The attachment cycle begins at one of the most vulnerable times of our lives, our birth. When we were born, most of us were fortunate enough to be placed in loving arms while adoring eyes gazed down at us. Our mother’s cradled us after the stressful time of the birthing process and calm our anxiety and fear. As our mother’s find effective methods of meeting our needs she becomes confident in her abilities and we began to feel safe in our new environment. We began to trust in this individual caring for us. As our cries are heard we began to realize that our voice has an effect, that our needs mean something to this caretaker we learn that we are important and that we have value.

We start to depend and rely on this care-taking mother and a wonderful bond between the mother and baby deepens day by day. The cycle of an infants needs being met happens hundreds of times during their first year of life and in different forms, the cycle repeats thousands of times as we grow. Children that have learned to form healthy loving attachments with their parents have the best foundation for becoming healthy adults.

But what happens to infants that are not so fortunate?


What message is sent to an infant who wasn’t wanted or who were abused
or neglected by the very person who was supposed to keep them safe?


How do children placed in orphanages or multiple foster homes view their world?


What happens to an infant during the bonding cycle when their
mother is emotionally unavailable due to depression, divorce, mental illness or substance abuse?

These children’s basic emotional needs-for affection, comfort, and nurturing–were not met. In some cases, neither were basic physiological needs-for enough food or proper hygiene. These children can view themselves and the world very differently. For them, the world is not a safe place where they can rely or depend on a mother or primary caregiver. It’s a world where adults are not trusted; where infants quickly learn to depend upon themselves. Survival mode kicks in; reaching out and expecting help is not an option thought about anymore. The child can begin to manipulate and control others to get their needs met. An enter-rage and controlling behavior can develop within the child, which in many cases give the child/infant the strength needed to survive their neglectful situation. Unhealthy bonding with other children in orphanages or with other siblings can also manifest due to lack of emotional and physical contact.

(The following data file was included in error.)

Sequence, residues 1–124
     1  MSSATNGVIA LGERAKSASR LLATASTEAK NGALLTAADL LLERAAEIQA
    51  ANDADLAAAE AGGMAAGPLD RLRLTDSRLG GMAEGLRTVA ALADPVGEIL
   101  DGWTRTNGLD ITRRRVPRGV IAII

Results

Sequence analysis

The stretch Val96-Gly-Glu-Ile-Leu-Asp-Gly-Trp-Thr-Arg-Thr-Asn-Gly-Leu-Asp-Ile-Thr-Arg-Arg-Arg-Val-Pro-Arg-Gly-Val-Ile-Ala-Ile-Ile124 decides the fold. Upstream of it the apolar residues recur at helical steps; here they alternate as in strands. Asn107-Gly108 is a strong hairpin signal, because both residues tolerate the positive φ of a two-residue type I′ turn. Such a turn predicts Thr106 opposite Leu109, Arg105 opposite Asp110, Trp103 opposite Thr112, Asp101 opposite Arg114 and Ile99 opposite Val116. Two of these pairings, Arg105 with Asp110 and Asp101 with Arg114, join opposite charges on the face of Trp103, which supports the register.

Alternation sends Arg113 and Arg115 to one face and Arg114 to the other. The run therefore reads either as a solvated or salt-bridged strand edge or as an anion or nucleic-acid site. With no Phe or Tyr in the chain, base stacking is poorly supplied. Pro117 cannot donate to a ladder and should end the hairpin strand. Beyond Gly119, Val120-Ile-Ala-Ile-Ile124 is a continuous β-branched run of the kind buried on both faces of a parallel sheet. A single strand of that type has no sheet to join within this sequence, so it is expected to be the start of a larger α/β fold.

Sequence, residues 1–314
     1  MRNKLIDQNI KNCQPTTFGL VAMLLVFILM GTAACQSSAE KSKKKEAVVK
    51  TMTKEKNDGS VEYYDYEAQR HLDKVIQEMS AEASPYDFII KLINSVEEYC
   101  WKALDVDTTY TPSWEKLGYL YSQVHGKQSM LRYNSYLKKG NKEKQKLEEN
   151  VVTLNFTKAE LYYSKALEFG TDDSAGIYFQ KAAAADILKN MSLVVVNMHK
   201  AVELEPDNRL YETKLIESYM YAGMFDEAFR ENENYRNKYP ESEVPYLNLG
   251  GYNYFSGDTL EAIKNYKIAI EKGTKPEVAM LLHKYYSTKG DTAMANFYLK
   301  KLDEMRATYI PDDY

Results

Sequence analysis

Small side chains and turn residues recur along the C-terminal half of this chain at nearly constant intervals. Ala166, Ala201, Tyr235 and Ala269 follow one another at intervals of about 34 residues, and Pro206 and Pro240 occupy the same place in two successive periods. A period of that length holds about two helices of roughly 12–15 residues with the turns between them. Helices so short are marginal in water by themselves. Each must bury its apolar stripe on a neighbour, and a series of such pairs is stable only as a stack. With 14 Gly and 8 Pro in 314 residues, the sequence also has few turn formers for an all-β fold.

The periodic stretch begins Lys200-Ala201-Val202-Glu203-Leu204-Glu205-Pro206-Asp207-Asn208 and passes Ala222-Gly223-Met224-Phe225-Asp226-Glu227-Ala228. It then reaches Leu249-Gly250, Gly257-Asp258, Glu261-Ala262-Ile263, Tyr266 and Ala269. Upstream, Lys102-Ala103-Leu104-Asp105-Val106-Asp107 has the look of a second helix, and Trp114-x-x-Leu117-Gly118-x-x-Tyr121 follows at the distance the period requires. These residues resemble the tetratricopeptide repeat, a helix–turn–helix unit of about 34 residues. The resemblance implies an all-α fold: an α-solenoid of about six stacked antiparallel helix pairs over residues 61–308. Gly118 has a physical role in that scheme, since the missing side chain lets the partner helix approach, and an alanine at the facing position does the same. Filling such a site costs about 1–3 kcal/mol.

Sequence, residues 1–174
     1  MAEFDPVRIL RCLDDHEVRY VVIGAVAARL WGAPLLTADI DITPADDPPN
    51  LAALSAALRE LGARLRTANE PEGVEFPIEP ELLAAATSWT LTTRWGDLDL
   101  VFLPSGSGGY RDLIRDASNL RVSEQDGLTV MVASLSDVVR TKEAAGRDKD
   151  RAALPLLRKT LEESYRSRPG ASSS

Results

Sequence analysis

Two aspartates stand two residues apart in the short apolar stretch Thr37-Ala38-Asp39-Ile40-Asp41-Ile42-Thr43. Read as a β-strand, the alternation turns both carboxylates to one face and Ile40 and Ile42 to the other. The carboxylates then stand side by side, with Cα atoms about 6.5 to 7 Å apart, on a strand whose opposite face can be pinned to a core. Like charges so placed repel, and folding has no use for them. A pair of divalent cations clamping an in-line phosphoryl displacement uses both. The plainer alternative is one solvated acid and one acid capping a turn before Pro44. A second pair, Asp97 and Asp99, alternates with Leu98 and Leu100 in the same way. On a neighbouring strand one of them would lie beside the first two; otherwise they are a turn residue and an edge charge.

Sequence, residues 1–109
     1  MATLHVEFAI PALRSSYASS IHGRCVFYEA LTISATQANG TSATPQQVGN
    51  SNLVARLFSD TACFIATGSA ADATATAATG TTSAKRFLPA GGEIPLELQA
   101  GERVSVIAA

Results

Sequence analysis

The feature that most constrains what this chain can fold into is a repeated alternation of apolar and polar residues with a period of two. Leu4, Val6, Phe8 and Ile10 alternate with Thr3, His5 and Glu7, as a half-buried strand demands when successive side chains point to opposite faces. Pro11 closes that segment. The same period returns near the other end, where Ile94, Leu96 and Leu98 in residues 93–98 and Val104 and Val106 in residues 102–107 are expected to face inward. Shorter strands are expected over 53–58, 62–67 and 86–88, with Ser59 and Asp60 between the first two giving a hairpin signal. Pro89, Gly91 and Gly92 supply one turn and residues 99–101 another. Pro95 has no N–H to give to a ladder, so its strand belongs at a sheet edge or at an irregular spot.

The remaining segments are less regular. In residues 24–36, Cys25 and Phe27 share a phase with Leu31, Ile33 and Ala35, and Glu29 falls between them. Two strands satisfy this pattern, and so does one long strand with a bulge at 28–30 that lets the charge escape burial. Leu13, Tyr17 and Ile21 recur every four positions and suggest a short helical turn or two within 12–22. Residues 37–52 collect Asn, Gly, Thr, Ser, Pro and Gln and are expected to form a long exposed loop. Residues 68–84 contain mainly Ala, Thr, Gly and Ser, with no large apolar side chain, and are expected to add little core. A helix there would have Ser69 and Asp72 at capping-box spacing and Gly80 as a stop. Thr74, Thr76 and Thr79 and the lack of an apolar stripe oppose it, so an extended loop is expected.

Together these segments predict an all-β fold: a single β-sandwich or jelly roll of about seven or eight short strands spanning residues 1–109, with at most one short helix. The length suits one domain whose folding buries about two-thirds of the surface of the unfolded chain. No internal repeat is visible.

When the infant’s needs are not meet these symptomatic behaviors that develop with young children and infants are normal behaviors for child’s current living situations. These behaviors were needed for the child’s to survive. However, these behaviors have no place in a healthy family setting. This is why many adoptive parents experience huge difficulties as they try to parent their adoptive child. This child has not learned to bond or trust but has learned to do the opposite; typically these children fend for themselves. These children are not ready for traditional parenting. Parents need to learn therapeutic methods when parenting a child with attachment issues so they can become successful.

There is hope and the earlier you seek the right help the better. Hundreds of children have healed when parents have located the right resources. Finding expert professionals that work with attachment disorder is vital. Find a therapist that specializes in RAD, get intensive training, find an excellent therapeutic parent-coaching service, and get professional respite services are where you need to start.

This site was developed to give parents resources, fellowship and a place to feel understood. You will be surprised to find that there are many families that share your experiences. Find support, share ideas while making some friends along the way can be priceless.

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